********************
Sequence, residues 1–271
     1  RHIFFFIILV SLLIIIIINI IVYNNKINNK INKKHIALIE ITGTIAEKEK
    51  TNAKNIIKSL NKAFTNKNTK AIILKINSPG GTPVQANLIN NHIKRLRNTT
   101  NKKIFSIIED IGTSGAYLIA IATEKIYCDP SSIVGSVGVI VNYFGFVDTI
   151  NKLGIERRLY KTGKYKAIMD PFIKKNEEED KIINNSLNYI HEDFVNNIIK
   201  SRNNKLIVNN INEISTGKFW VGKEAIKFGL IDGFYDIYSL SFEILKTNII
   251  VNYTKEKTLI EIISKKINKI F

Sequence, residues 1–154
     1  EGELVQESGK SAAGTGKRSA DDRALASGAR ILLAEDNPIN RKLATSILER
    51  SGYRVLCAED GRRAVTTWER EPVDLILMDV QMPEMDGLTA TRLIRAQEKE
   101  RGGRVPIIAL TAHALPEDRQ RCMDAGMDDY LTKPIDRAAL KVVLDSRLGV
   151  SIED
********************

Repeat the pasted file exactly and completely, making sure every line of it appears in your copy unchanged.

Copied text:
Sequence, residues 1–271
     1  RHIFFFIILV SLLIIIIINI IVYNNKINNK INKKHIALIE ITGTIAEKEK
    51  TNAKNIIKSL NKAFTNKNTK AIILKINSPG GTPVQANLIN NHIKRLRNTT
   101  NKKIFSIIED IGTSGAYLIA IATEKIYCDP SSIVGSVGVI VNYFGFVDTI
   151  NKLGIERRLY KTGKYKAIMD PFIKKNEEED KIINNSLNYI HEDFVNNIIK
   201  SRNNKLIVNN INEISTGKFW VGKEAIKFGL IDGFYDIYSL SFEILKTNII
   251  VNYTKEKTLI EIISKKINKI F

Sequence, residues 1–154
     1  EGELVQESGK SAAGTGKRSA DDRALASGAR ILLAEDNPIN RKLATSILER
    51  SGYRVLCAED GRRAVTTWER EPVDLILMDV QMPEMDGLTA TRLIRAQEKE
   101  RGGRVPIIAL TAHALPEDRQ RCMDAGMDDY LTKPIDRAAL KVVLDSRLGV
   151  SIED